Members of the small-scale fishing community of Enkovukeni in the north of KwaZulu-Natal, and who lives in the iSimangaliso Wetland Park, received a boat from the Department of Transport and the South African Marine Safety Authority (SAMSA), on Friday September 9.

The boat and other essential services including engines were handed over to the community by the Deputy Minister of Transport, Sindisiwe Chikunga, as part of SAMSA’s Umhlabuyalingana Outreach Project.

It was announced at the launch that the boat and services handed over on the day, was the first of three boats that will eventually be handed over to the community.

Lindani Ngubane, Masifundise Development Trust (MDT) fieldworker in KwaZulu Natal (KZN), who attended the handing-over ceremony with the rest of the community, said that the boat and engines is a great benefit to the community.

“The community of Enkovukeni is separated from the rest of the world by the Enhlange River and Makawulane River,” said Ngubane.

“Children have to wait for low-tide every day before they can cross the river to go to school. Most people cross the river by walking through the river,” said Ngubane.

“Enkovukeni is a thin 5km strip of land, practically an island, stretching from Bhanga Neck to Kosi Bay Mouth with the Indian Ocean on one side and the Kosi Bay lake system on the other. The area is virtually only accessible by foot or make shift canoes which residents currently use,” said deputy minister Chikunga in a press release leading up to the handing over ceremony.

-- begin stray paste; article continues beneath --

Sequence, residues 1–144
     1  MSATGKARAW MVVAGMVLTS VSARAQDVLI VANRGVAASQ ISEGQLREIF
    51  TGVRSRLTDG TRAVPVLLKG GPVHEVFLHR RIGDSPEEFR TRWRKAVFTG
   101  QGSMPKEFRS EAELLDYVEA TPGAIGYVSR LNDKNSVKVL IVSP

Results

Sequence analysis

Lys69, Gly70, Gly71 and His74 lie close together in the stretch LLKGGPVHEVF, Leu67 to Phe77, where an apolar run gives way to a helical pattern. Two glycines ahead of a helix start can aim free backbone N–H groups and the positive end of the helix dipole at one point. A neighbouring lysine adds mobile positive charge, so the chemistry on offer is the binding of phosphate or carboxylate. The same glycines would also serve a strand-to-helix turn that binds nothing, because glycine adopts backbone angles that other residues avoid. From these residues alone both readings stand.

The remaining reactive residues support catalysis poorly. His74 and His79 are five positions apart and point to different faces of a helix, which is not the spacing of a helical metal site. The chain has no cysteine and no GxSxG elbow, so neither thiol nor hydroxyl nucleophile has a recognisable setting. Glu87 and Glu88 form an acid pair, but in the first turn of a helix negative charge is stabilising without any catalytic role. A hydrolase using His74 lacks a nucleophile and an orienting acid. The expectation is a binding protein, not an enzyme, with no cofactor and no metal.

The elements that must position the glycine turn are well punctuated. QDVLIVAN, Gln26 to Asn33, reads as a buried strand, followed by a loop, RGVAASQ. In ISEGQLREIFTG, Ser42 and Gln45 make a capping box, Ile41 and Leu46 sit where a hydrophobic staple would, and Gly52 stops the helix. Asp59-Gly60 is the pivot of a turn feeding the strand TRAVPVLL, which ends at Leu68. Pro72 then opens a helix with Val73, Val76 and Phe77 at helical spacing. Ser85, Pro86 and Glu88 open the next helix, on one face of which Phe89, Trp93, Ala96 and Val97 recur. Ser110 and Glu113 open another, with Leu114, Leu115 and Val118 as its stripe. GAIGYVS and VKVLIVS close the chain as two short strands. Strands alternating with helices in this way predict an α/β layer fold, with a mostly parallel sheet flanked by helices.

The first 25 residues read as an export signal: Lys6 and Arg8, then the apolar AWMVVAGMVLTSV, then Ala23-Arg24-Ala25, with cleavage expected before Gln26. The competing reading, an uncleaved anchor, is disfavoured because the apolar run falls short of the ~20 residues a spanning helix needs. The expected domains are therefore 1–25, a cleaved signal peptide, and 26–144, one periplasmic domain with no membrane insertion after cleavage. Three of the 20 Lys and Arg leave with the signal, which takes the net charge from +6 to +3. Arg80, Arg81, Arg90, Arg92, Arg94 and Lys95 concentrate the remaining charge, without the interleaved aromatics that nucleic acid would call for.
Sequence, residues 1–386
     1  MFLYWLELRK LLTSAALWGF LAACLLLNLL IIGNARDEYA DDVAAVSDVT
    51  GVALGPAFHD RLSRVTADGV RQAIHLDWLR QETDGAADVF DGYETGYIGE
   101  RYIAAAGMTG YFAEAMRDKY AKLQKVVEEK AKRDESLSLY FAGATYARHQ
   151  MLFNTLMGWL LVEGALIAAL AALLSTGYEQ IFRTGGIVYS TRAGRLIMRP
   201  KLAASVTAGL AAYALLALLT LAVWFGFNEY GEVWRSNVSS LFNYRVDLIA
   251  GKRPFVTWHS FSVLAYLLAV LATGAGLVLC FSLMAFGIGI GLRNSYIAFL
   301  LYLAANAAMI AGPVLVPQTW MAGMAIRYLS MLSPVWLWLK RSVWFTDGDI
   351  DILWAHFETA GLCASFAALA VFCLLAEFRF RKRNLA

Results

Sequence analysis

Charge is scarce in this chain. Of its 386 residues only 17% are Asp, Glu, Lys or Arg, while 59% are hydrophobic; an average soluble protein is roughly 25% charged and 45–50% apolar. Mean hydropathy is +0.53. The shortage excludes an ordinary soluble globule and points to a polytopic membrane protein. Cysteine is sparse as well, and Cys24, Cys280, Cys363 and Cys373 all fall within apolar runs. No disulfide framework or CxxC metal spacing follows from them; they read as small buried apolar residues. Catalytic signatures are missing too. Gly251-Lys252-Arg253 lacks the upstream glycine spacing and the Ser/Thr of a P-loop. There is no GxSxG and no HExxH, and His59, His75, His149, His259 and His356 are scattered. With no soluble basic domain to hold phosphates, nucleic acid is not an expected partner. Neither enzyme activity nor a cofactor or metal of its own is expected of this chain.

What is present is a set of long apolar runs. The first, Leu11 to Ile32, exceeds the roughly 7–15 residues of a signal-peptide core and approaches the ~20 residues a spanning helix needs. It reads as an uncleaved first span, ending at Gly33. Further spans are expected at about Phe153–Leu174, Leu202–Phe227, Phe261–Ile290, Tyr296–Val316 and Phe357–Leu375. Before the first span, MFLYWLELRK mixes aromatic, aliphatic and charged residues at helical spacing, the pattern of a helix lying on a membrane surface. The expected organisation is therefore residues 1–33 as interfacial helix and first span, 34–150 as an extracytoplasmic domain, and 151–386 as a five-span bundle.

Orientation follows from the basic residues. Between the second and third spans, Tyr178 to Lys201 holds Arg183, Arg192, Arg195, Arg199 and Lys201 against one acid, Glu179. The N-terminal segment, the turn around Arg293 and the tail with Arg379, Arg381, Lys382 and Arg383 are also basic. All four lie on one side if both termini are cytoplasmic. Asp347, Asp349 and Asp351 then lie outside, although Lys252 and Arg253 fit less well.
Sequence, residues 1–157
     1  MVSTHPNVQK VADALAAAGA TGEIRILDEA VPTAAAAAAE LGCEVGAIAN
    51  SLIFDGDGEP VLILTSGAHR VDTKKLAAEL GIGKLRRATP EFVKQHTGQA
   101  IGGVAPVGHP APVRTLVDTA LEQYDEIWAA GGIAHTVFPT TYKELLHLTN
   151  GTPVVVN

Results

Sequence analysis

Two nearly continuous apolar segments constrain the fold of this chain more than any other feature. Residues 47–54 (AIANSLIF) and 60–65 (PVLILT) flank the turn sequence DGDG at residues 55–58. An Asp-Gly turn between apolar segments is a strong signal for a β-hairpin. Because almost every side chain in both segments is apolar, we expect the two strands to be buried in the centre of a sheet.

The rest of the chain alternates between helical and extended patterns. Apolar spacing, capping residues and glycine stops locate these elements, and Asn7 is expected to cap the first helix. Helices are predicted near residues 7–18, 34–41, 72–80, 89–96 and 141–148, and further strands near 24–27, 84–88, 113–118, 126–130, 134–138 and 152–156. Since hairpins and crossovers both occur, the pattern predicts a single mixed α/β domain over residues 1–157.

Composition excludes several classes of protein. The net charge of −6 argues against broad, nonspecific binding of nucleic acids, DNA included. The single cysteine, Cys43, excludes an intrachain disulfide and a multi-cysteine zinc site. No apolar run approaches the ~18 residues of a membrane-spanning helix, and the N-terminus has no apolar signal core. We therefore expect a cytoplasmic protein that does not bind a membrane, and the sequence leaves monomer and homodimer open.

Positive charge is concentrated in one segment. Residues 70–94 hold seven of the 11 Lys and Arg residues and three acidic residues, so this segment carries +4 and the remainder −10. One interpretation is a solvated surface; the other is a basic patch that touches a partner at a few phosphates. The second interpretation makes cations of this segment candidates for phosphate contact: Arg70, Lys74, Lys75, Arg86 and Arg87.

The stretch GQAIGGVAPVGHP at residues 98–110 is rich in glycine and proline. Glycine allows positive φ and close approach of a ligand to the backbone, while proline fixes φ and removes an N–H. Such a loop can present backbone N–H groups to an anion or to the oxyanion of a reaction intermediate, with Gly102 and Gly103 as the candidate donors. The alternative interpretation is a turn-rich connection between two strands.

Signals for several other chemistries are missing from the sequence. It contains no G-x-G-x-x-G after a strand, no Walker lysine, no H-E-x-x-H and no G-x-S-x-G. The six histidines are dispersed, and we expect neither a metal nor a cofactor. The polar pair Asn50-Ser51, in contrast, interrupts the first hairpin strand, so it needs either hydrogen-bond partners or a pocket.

“The boats will be of benefit to the school children, they are important, because we need our children to learn and have good jobs when they finish school.”

“The boats will also be of help to people who will be going to work, for shopping, people going to the clinic and hospitals, these boats will have a great impact.”

Ngubane says that the first boat was just shown to the community and people were taken on a ride on the boat on the day of the launch.

He says the boat was not given over to the community yet, neither has it been decided who is going to manage it.

The river and the Enkovukeni community falls within the iSimangaliso Wetlands Park, which is a world heritage site and is managed by the iSimangaliso Heritage Trust Authority and Ezemvelo KZN Wildlife Trust.

Ngubane is not certain if the boats will be handed over to Ezemvelo, or if the community will be given the responsibility, but, he says the deputy minister promised that members of the community will be trained to skipper and man the boats, and in the process provide work to members of the community.

“The deputy minister promised to come back, and two more boats will be handed over to the community.”

The community of Enkovukeni faces various socio-economic challenges including lack of sufficient infrastructure and limited access to social and other services, which include proper bridges the community can use to cross the river.

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